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Anthropological Studies of Religion: An Introductory Text Paperback – February 27, 1987


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Anthropological Studies of Religion: An Introductory Text + Reader in Comparative Religion: An Anthropological Approach (4th Edition)
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Product Details

  • Paperback: 382 pages
  • Publisher: Cambridge University Press (February 27, 1987)
  • Language: English
  • ISBN-10: 052133991X
  • ISBN-13: 978-0521339919
  • Product Dimensions: 8.9 x 6 x 0.7 inches
  • Shipping Weight: 1.4 pounds (View shipping rates and policies)
  • Average Customer Review: 4.7 out of 5 stars  See all reviews (3 customer reviews)
  • Amazon Best Sellers Rank: #1,360,153 in Books (See Top 100 in Books)

Editorial Reviews

Review

"Written with urbanity and wit, this book reviews the intellectual and historical contexts in which anthropology became a discipline concerned with the explanation of religion as a human behavior." Religious Studies Review

"Written in an easy and approachable style, Morris's book is a first-rate survey of the social scientific study of religion and is highly recommended." Robert Segal, The Journal of Religion

Book Description

The religious significance of the works of Hegel, Marx, Durkheim, Weber and Freud is clarified to redefine the study of religion pursued by anthropologists. Perceptive accounts of contemporary scholars as well as classical authors are included.

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Customer Reviews

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Most Helpful Customer Reviews

7 of 7 people found the following review helpful By A Customer on January 11, 2002
Format: Paperback
I just finished reading this book as a starting point for a larger research project into the anthropological perspective on religion and found it to be a useful and in-depth introduction. This is not a "for beginners" book and Morris does not talk down to the reader. Morris provides a broad overview of important perspectives on religion from sociologists (Marx, Weber, Durkheim), anthropologists (Turner, Levi-Strauss, Malinowski, Douglas), and even covering, although pretty critically, the psychoanalytic interpretations of Freud and Jung. This is a good, comprehensive introduction that gives a general overview and deals with the criticisms of a flaws in the theories covered.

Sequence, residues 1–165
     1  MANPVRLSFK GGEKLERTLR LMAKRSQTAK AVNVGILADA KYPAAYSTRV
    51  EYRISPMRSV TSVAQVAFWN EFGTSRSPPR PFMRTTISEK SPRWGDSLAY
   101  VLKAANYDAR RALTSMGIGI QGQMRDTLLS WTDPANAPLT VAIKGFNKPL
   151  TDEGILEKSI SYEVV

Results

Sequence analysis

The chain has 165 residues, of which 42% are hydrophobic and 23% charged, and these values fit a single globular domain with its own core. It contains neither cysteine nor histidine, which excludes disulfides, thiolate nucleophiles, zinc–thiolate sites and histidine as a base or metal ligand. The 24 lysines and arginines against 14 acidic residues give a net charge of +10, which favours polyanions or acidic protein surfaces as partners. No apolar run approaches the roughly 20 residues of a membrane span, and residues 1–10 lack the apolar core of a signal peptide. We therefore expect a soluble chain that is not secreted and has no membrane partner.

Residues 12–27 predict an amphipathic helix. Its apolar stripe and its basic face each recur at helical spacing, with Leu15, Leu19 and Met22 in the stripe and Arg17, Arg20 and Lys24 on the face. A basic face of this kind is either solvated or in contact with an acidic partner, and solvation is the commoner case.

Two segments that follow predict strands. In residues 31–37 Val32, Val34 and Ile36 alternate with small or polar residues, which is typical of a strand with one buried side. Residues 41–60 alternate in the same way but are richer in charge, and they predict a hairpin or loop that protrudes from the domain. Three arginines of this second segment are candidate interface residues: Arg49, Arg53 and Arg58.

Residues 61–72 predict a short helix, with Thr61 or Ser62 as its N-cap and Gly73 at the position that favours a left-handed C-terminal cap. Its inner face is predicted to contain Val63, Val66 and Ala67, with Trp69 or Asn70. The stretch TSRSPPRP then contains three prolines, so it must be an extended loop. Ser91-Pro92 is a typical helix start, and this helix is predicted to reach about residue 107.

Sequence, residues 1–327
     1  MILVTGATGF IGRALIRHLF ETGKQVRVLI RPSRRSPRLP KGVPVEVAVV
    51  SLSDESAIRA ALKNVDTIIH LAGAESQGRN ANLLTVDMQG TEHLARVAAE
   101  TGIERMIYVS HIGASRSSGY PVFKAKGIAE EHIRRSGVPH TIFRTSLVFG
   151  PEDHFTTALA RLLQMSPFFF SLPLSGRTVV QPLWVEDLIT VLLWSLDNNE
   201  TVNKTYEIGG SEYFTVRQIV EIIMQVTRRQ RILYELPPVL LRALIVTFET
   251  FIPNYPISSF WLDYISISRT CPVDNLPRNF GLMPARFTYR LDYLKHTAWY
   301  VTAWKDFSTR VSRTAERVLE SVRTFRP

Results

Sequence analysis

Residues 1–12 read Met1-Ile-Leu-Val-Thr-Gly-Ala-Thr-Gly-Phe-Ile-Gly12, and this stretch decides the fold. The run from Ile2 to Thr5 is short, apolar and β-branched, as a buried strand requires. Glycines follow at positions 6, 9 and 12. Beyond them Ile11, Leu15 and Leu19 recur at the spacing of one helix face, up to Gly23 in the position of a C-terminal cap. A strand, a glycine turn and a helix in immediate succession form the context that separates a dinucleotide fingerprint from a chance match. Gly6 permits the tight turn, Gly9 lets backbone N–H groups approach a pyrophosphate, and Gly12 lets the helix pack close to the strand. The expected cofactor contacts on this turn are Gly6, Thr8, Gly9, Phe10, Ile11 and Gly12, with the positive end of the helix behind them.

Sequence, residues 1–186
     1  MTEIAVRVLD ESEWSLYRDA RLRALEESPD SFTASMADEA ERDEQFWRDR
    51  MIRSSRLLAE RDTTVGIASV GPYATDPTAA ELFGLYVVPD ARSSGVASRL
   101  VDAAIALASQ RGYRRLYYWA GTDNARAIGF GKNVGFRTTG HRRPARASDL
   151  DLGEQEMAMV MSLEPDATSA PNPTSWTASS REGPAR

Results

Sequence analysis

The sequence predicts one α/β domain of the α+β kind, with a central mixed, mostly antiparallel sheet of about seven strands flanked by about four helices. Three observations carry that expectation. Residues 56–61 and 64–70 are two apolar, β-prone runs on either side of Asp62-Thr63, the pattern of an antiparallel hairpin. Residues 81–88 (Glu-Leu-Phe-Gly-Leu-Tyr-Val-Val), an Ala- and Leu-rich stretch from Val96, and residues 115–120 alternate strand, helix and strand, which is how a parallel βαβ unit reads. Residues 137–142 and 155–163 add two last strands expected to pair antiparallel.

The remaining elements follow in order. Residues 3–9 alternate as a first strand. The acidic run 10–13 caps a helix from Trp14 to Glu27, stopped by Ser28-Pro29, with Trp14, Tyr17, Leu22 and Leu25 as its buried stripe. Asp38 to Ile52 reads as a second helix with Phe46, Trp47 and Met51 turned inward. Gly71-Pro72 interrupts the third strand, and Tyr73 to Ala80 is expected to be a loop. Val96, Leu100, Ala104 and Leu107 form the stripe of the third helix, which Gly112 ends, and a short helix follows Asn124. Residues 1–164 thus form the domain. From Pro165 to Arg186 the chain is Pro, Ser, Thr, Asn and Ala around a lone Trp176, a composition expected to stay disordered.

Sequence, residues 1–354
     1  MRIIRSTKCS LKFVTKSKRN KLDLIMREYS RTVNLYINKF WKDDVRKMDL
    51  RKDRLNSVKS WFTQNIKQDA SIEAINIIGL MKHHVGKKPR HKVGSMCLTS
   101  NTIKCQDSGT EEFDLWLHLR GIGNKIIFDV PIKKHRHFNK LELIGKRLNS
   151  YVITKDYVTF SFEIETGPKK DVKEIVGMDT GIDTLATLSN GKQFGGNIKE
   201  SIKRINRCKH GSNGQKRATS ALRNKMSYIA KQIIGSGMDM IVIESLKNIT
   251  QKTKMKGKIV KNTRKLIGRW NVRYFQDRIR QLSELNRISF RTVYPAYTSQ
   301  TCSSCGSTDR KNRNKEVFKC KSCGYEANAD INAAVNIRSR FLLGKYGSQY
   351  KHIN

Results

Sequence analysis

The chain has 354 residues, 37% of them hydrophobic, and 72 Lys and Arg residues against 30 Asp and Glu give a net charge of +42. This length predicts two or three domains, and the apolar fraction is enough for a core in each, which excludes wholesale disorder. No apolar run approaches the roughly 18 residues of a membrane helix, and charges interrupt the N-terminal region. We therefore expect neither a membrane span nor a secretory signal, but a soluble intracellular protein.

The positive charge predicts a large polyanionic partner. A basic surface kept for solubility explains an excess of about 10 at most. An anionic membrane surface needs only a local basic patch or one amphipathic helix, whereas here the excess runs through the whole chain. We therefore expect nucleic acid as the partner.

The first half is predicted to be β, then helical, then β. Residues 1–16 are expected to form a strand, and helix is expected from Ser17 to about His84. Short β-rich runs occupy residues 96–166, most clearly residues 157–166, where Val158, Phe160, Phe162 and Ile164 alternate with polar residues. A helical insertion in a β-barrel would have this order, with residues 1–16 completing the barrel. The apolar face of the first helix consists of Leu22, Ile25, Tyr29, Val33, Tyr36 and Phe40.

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5 of 5 people found the following review helpful By A Customer on June 3, 1998
Format: Paperback
This book is a great textbook for any beginning anthropological student (whether or not you're in school) though it is very dense and tough to get through. First, you get a paragraph or so explaining the background of the person whose theories are being presented. Then you get the basic reactions and opinions of the scholar and their theories, followed by an explanation of the theories themselves. In some cases, you also get other scholars' criticisms and then the original's rebuttals. Morris seems to have a pretty liberal approach to the field, and it is rare to see his biases show.
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1 of 1 people found the following review helpful By Laura Wiand on May 8, 2006
Format: Paperback
I've lost my copy of this book and am willing to buy it again!Having had the great privilege of taking several courses with Professor Morris, I highly, highly recommend this and any other book he's authored. He is an excellent anthropologist with a deep understanding of the concepts he delves into.
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